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Wednesday, 11 December 2013 00:00

Colon Cancer Screening and Prevention

What is the Colon?

The colon is part of the digestive system. Food moves from the mouth to the stomach. Several hours later, it moves into the intestines, first the small intestine and then the large intestine. After digestion of food is finished, what's left leaves the body as waste (stool) through the rectum. The colon is the last part of the large intestine, just before the rectum.

What is Colon Cancer?

Colon cancer is a tumour in the colon. It is the most common cancer of the digestive tract. Other names are adenocarcinoma of the colon and colorectal cancer (often the lower rectum and sigmoid part of the colon are involved). The cancer can also be found in the first part of the colon (cecum). Colon cancer can also spread (metastatize) to other parts of the body.

Colon cancer usually starts as a small growth (polyp) on the surface of the colon. Some polyps are harmless, but some can turn into cancer.

What are Symptoms of Colon Cancer?

Symptoms to be aware of are a change in bowel habits, such as constipation or diarrhea, a change in stool size (e.g., pencil-thin) or stool appearance (e.g., black and tarry), rectal bleeding, and abdominal pain.

Sometimes no symptoms are present, but iron deficiency anemia from long-term blood loss may occur.

Early diagnosis is critical because undetected or untreated cancer usually spreads through the intestine wall into neighbouring areas and into the liver. Sometimes it can also spread to lung and bones.

How is Colon Cancer Diagnosed?

The doctor will do a complete physical examination, including a digital rectal examination (DRE), and take one or more stool samples. These samples are analysed for any occult (hidden) blood. This testing can find bleeding in the intestine, but results can be inaccurate because certain medicines or red meat may produce positive results that are really normal (false-positive results).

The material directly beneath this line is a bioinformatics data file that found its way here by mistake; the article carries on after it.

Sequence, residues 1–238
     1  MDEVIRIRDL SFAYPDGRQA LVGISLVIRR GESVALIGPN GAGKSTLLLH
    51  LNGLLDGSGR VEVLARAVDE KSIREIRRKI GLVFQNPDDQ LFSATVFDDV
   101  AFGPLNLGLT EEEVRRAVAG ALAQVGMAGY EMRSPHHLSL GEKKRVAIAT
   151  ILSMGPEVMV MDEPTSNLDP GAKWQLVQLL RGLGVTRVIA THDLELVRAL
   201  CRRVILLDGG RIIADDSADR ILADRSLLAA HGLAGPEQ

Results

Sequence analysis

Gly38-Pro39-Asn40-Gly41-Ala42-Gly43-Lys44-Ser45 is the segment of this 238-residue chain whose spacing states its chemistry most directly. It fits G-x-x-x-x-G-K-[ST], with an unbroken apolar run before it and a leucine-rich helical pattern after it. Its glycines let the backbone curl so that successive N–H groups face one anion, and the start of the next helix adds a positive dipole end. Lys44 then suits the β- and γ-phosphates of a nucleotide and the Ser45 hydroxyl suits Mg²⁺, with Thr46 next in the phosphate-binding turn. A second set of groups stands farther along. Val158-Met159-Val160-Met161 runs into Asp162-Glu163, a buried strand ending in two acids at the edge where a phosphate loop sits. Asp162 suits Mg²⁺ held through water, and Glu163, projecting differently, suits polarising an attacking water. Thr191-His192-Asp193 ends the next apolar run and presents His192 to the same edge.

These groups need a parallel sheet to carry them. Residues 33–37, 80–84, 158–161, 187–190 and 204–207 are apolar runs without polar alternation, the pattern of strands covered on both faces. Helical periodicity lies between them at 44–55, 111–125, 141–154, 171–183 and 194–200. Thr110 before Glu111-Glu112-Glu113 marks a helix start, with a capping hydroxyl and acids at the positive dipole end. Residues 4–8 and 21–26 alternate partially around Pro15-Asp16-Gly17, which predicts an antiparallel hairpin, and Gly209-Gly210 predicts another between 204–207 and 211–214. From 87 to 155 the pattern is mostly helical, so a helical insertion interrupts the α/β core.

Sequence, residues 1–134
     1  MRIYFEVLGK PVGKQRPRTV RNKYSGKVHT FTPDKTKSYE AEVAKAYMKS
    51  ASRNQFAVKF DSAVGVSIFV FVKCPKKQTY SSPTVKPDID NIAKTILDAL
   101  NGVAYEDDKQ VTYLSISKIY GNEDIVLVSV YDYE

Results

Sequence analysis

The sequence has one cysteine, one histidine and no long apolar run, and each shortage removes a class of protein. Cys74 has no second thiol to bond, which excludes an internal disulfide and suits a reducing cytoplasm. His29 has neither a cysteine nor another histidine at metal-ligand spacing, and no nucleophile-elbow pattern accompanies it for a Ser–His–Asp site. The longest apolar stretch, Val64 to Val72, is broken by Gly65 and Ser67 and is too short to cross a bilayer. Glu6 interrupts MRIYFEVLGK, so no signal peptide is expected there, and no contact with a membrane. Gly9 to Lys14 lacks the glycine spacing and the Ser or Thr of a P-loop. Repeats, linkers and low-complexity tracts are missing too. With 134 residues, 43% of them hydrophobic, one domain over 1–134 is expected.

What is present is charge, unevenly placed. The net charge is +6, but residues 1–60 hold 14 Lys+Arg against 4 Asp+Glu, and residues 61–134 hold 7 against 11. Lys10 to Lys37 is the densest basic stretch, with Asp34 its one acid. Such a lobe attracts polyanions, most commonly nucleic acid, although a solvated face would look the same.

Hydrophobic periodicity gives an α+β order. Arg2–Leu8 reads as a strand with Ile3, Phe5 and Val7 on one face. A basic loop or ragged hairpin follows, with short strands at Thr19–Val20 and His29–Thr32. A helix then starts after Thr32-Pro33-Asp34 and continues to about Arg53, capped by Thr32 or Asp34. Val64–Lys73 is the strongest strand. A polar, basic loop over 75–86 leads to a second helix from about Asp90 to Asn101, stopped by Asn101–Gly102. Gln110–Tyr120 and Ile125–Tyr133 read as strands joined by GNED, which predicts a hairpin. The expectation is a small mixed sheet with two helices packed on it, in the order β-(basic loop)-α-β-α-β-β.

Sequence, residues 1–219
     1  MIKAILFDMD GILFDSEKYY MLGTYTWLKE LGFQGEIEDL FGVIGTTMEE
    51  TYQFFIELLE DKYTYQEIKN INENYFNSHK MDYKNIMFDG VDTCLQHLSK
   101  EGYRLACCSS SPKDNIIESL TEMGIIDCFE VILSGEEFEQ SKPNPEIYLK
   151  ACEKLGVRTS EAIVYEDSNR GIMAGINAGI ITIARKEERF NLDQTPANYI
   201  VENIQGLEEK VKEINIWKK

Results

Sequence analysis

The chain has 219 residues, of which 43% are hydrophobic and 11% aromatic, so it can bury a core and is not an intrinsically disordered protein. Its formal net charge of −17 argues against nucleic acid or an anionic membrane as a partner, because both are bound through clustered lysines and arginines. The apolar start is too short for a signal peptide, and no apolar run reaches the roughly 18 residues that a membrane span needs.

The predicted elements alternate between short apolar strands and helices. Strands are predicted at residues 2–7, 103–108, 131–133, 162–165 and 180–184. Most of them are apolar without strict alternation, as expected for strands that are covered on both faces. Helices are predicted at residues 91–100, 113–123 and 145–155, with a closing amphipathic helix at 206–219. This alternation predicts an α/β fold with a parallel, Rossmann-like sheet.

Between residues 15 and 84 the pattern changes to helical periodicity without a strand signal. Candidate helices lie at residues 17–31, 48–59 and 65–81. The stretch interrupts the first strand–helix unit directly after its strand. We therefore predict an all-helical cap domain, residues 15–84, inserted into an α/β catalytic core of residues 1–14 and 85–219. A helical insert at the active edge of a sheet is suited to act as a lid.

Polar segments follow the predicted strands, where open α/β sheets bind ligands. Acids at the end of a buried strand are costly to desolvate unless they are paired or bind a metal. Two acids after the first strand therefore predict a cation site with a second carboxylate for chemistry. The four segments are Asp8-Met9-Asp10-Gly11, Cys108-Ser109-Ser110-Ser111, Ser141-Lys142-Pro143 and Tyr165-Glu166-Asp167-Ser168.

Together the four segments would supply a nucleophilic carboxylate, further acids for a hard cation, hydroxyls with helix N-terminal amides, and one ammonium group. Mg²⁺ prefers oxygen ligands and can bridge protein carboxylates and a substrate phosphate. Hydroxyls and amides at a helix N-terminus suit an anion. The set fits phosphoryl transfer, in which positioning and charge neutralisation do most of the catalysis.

The doctor also looks inside the colon with a flexible tube called a colonoscope. This scope is passed through the rectum to see the whole colon. The doctor can see problem areas and biopsy (take samples of) these areas and remove any polyps. The samples are studied under a microscope to look for cancerous cells. Other tests, such as computed tomograpy (CT), of the abdomen and pelvis may be done to see whether cancer has moved to other parts of the body.

A newer screening test involves using CT only for the intestine (CT colonography). This test is also called virtual colonoscopy. Any possible problem areas found by CT colonography will need a follow-up colonoscopy to see whether they are cancerous..

DOs and DON'Ts in Diagnosing and Preventing Colon Cancer:

  • DO realize the importance of colon screening for everyone, starting at age 50 or earlier for people who have family members with colon cancer.
  • DO follow your doctor's advice.
  • DO eat a high-fiber diet.
  • DO watch your weight.
  • DO exercise. Exercising can improve your overall health.
  • DON'T forget the importance of screening
  • DON'T smoke.

For more information, see the attachments below.

Read 1400 times Last modified on Saturday, 14 December 2013 20:29

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